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that the u.s. is ready and willing to go forward with this and that for the u.s., it will be merely a drop in the bucket. china is responding in kind, there is more than just an economic argument here. about theent talked dignity of the nation as well as the dignity of the people of china. ,here is willingness to talk but there is increasingly escalating rhetoric on both sides. one thing to keep in mind is that president trump has shown in the past that he is able to turn on a dime on these things should they make some progress in talks. he could be going from harsh rhetoric to full some praise as we saw with north korea. there is still the element that they could get to some place to
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negotiate. it's interesting that donald trump still said xi jinping is a friend of his. the phrase was no pain, no gain. clearly, they might inflict a lot. >> their economy is different than the u.s.. they are warning this will trickle through the supply chain and raise prices for consumers. ,here is not a lot of sentiment at least in the administration, to back away. it is also the case in congress some enmity toward china and its trade practices. roomresident has some domestically to run with this until voters start feeling the pain from the cost. for more on trade, fred
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joins us now from washington, d.c. he is a senior fellow and director emeritus at the peterson institute for international economics. thanks so much for joining us. one interesting thing here is that the u.s. is saying there is more pain ahead for china unless it changes its economic system. china isst as if trying to say hey, united states, you change your economic system and we can talk. it's almost laughable in a way. >> it's true there will be paying for china if the trade war heats up further. there is equal pain for the united states. the united states does not gain more than china. they lose about equally because china is retaliating dollar for dollar. pain andgoing to be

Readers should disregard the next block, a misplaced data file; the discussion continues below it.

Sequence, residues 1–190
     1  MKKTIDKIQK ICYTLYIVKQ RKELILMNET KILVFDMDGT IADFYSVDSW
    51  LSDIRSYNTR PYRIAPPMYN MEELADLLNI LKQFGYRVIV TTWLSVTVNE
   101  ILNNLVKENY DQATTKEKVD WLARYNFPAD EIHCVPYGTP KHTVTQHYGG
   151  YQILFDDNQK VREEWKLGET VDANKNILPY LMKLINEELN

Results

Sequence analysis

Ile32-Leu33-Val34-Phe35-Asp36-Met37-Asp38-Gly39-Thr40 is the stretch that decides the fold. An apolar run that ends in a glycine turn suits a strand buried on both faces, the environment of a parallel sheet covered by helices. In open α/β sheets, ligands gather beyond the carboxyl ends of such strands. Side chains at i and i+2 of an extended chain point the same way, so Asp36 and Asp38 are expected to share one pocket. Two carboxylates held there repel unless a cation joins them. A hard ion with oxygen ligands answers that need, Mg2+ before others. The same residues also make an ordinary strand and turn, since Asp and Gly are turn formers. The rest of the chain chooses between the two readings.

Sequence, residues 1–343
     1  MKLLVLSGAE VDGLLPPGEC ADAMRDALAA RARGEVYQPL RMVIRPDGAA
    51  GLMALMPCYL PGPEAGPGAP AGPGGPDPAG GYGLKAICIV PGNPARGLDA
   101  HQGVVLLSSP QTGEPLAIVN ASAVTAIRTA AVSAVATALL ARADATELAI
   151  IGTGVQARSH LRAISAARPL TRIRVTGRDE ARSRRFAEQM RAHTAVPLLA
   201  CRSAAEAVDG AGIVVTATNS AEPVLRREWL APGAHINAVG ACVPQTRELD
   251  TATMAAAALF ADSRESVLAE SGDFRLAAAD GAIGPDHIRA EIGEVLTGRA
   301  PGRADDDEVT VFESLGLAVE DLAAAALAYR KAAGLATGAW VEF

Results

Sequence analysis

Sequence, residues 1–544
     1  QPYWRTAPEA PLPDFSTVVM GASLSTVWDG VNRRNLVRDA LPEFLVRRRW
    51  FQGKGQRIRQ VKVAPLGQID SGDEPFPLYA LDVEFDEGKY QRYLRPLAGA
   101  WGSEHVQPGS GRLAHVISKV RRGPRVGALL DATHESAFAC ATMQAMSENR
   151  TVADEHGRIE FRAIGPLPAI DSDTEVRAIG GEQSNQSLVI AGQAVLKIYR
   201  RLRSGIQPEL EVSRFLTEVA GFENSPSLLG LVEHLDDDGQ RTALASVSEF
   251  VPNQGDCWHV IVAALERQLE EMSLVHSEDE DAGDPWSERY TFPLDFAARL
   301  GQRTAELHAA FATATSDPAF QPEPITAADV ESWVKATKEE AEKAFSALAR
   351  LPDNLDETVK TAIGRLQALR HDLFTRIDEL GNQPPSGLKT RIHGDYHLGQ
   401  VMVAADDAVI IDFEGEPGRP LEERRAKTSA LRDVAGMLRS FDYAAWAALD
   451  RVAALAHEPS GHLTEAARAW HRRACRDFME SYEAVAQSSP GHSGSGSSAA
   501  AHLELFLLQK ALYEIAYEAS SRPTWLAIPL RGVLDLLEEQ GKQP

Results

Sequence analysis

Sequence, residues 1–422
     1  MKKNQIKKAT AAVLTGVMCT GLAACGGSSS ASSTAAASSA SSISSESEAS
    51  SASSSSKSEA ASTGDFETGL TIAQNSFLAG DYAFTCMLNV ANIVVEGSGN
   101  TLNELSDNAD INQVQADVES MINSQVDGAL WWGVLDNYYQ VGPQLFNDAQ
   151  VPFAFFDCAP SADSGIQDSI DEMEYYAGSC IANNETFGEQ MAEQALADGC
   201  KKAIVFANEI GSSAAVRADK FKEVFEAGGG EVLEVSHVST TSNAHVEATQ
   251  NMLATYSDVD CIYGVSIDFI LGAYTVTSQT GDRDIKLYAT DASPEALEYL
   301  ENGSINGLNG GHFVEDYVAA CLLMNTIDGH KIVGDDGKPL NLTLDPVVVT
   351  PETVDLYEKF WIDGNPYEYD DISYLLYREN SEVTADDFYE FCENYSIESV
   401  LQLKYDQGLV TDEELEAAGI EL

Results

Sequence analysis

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cost on both sides. the issue is how to get out of the spiral, how to negotiate .eductions in barriers it is certainly true that china -- important area errors barriers and trade distortion. there is a wide consensus in the united states that something needs to be done about it. aretrade war inter of hikes not the way to get that. on one side, reductions. on another side, retaliation. china has said they will retaliate, but really, every time the story comes up, it's always talk. why are we not seeing action yet? >> i think because there is not yet enough pain. there has been a lot of talk.
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the amount of tariff increases so far has been mild. the u.s. has put tariffs on $36 billion of chinese trade in addition to steel, aluminum, and a couple other things. $14 million more coming shortly. but the big one, the additional $200 billion the president has threatened is still down the road. there's a lot to go through before that happens. the pain has not yet been great, but it is surely on the road unless something is done to head it off. a clear precedent with what happened last week between the united states and europe. in with anns came offer the president trump excepted. offered to start -- accepted. they offered to start eliminating tariffs. we have to see how that pans out
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and how far it goes, but at least for now it has halted the slide to a trade war and put the momentum back in a positive direction, and that's all a good thing. my hope is that china will join the party. parallela will have a offer and be willing to talk impediments to technology transfer, intellectual property theft, subsidies and enterprises. if those are on the table, i think the administration would accept that and begin to move in a constructive direction like it is now doing with the europeans. fred, if you look at what happened with the eu as a possibility of setting up with other trade partners, is there any argument that china is very different? it's an ideological battle and a
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?ifferent relationship >> that is of course true. the u.s. and europe are basically allies despite trump disruptions. the u.s. and china are locked in something of an existential global economic leadership. that has always historically led to conflict. on the other hand, the transactional or immediate implications are simpler. do we have a trade war or negotiations? it will be more difficult with china because it is a clash of balloons.economic way forave to find a those differences to exist in a global economy.
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we are headed to an economic cold war, a big breakdown of global interdependence, and political and military weakness. thank you for that. we are going to have to leave it there. we are getting some breaking news. at underperforming loans, a ratio of one point 7%, 1.5% on the year. you will be is reporting second-quarter earnings. is reporting second-quarter earnings. we are getting more details around that story. , the apple of silicon valley's eye. giant is now worth a
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trillion dollars. ♪